Fielding Bible Volume V preview: The Twins defense

By Mark Simon

Marwin Gonzalez may have finished ninth in the 2019 Fielding Bible Multi-Position Award voting, but it would be hard to find a player more versatile than he is. Gonzalez started at least 10 games at each corner infield spot and each corner outfield spot. He did much more good than harm at those positions, saving five runs at left field and third base, and one run in right field. He did cost the team two runs at first base, so he wasn’t perfect, but his success at the other three spots made up for any deficiencies.

The Twins needed the help, particularly at third and left, where Miguel Sano’s defense cost the team seven runs and Eddie Rosario’s cost them six runs. Though the Twins won the AL Central, their defense was not their strong suit – except in a few cases, like Gonzalez delivering as advertised.

The Twins won’t need Gonzalez to play third in 2020 with the addition of Josh Donaldson. Donaldson matched a career-high with 15 Runs Saved there with the Braves last season. That total ranked third in the majors behind Matt Chapman (34) and Nolan Arenado (18).

 Buxton Among Best When Healthy

The strongest suit of the Twins defense is center fielder Byron Buxton, who saved 10 runs in an injury-shortened season. Buxton probably wouldn’t have challenged Lorenzo Cain for the Fielding Bible Award had he stayed healthy, but he definitely would have given Kevin Kiermaier a run for his money for the AL Gold Glove.

Buxton was as good as it gets on balls hit to the deepest part of center field, catching 96-of-111 in which he had a greater than zero chance to make a play. That was nine plays above his expected total. On a per 100 plays basis, he was better than Cain, for whom catches on deep balls was the most valuable part of his game.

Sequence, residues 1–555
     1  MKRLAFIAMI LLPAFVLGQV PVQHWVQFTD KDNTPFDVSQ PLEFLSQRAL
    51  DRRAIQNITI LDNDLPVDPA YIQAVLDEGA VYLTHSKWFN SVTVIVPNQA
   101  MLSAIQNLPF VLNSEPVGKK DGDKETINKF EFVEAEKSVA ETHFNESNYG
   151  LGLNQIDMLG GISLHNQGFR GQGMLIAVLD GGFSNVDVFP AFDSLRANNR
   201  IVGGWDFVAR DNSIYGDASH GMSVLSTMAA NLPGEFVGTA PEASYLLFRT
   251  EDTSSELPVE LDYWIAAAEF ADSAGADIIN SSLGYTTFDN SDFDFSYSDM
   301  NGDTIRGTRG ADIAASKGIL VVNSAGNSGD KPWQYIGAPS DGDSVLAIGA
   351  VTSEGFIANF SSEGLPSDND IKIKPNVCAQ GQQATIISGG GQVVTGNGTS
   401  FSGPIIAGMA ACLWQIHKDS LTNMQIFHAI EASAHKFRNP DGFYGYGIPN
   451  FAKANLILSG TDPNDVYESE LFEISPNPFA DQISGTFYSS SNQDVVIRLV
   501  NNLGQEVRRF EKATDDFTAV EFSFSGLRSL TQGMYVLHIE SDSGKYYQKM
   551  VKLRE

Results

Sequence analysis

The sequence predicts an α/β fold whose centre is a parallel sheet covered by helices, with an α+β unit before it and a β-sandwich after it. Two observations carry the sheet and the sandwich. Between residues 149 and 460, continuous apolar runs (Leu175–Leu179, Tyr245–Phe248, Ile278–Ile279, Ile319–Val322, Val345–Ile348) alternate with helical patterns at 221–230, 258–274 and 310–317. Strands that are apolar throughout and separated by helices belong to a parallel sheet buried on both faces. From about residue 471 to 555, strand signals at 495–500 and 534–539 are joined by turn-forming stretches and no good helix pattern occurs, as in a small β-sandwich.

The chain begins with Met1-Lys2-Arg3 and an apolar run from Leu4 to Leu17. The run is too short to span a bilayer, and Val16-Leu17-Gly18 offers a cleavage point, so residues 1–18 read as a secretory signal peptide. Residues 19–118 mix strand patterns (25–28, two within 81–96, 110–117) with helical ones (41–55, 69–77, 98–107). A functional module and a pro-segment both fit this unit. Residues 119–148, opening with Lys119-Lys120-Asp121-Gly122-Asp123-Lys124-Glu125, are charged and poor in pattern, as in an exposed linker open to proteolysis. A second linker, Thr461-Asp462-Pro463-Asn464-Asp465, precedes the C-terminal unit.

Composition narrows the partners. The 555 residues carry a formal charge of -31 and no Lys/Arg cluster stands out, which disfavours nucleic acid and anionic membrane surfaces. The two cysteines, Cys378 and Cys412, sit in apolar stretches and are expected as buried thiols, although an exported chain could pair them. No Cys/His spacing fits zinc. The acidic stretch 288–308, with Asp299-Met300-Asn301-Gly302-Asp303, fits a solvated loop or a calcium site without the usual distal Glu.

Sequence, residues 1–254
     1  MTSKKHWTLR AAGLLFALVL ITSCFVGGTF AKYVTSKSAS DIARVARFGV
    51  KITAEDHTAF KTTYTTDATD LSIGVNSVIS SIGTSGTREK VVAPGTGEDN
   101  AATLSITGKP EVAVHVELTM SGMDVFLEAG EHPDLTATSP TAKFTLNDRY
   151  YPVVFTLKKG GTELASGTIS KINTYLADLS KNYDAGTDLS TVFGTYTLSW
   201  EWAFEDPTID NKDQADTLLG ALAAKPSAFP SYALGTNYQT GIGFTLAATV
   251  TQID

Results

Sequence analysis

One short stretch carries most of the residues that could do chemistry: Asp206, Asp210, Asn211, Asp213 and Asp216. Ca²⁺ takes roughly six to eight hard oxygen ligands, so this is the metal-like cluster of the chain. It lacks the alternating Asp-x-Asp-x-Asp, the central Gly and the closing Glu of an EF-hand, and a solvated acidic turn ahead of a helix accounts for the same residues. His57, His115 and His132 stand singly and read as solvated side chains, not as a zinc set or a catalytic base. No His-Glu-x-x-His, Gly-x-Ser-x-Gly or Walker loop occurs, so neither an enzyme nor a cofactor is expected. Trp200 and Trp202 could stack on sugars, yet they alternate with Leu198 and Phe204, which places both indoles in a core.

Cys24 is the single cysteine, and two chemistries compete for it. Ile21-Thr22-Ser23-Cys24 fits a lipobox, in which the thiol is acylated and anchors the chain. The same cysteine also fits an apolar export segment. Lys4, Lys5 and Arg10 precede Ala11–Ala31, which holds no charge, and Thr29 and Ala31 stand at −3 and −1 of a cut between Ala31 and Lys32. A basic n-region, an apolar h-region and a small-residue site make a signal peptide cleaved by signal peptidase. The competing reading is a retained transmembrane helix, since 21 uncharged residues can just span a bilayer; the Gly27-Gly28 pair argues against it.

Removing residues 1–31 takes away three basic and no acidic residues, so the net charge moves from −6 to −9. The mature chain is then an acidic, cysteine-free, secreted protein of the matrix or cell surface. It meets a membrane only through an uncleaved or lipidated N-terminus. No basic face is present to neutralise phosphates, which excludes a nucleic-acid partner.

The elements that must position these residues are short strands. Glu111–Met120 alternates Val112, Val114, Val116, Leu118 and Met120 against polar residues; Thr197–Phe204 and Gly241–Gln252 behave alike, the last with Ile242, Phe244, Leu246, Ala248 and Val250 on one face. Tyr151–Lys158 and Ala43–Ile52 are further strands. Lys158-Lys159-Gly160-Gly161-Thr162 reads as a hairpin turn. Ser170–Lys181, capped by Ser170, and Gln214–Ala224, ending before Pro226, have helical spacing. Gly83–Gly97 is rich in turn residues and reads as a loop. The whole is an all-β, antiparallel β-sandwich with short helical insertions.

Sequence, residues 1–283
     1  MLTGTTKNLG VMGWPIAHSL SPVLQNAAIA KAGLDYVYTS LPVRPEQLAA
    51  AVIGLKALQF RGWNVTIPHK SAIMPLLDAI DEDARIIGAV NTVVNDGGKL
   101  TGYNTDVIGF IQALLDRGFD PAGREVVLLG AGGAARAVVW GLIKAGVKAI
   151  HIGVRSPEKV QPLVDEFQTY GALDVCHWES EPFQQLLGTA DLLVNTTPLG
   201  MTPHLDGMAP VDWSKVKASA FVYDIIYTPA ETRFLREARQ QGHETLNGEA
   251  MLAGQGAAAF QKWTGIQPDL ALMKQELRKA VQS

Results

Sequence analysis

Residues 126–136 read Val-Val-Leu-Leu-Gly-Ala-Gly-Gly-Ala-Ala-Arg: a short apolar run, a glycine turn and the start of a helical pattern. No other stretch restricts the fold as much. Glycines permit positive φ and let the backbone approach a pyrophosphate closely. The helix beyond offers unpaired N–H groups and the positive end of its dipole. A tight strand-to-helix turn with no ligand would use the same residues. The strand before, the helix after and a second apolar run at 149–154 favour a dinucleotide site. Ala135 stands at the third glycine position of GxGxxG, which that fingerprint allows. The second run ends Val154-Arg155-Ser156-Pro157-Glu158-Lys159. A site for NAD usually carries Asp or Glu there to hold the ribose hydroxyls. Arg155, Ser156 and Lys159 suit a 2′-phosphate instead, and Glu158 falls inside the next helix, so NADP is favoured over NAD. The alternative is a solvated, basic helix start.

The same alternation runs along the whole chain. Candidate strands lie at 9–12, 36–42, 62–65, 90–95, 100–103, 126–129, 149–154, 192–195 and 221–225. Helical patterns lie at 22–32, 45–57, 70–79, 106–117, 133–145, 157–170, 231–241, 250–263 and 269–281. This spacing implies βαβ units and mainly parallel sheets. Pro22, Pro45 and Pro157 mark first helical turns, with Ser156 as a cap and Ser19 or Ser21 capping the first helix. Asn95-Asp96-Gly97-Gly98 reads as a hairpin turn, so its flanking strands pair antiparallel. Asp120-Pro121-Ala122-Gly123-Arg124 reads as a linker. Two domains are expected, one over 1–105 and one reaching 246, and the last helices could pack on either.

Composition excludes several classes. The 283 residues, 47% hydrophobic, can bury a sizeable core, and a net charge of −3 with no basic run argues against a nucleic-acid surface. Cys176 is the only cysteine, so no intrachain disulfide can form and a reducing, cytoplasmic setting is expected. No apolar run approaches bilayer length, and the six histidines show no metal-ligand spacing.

Mitch Garver A Much-Improved Catcher

Mitch Garver wasn’t expected to be the better defensive catcher between him and Jason Castro, but it turned out that way in 2019. Garver made a 18-run improvement from 2018, saving one run, though that doesn’t tell the full story. Where Garver’s improvement came was in pitch framing, where he went from costing the Twins eight runs to saving them a run. He and Tucker Barnhart of the Reds were two catchers who greatly benefited from individual instruction (Barnhart’s improvements are noted in the Reds essay).

Garver’s improvements were documented in the Minnesota media and were attributed to Garver’s working with catching coach Tanner Swanson.

To illustrate the difference Swanson made, consider pitches that BIS plotted that were low, but were over the plate and within one inch of the knees. In 2018, Garver and his pitchers got the call 10% of the time (14-of-141). In 2019, that improved to 31% (39-of-125).

The numbers indicate that Garver still has some work to do, particularly when it comes to blocking pitches and stopping stolen bases. He cost the Twins seven runs in those areas in 2018 and five in 2019.

Max Kepler Gets The Job Done

Max Kepler may not win any Fielding Bible Awards in right field but if you’re looking for consistency from an outfielder, he should be in every discussion. Kepler has saved eight, five, 13, and eight runs in the outfield the last four seasons. He plays right field well and has filled in as the center fielder when Buxton got hurt, saving three runs in 2018 and four in 2019.

What’s interesting to watch about Kepler in right field is that he gets it done without a lot of splash. He had only one sliding or diving catch in 2019. Kepler’s means of making a play there comes down to his route running. By Statcast’s numbers, he matched Mike Trout and Andrew Benintendi in having the most efficiently run routes within three seconds of bat-ball contact.

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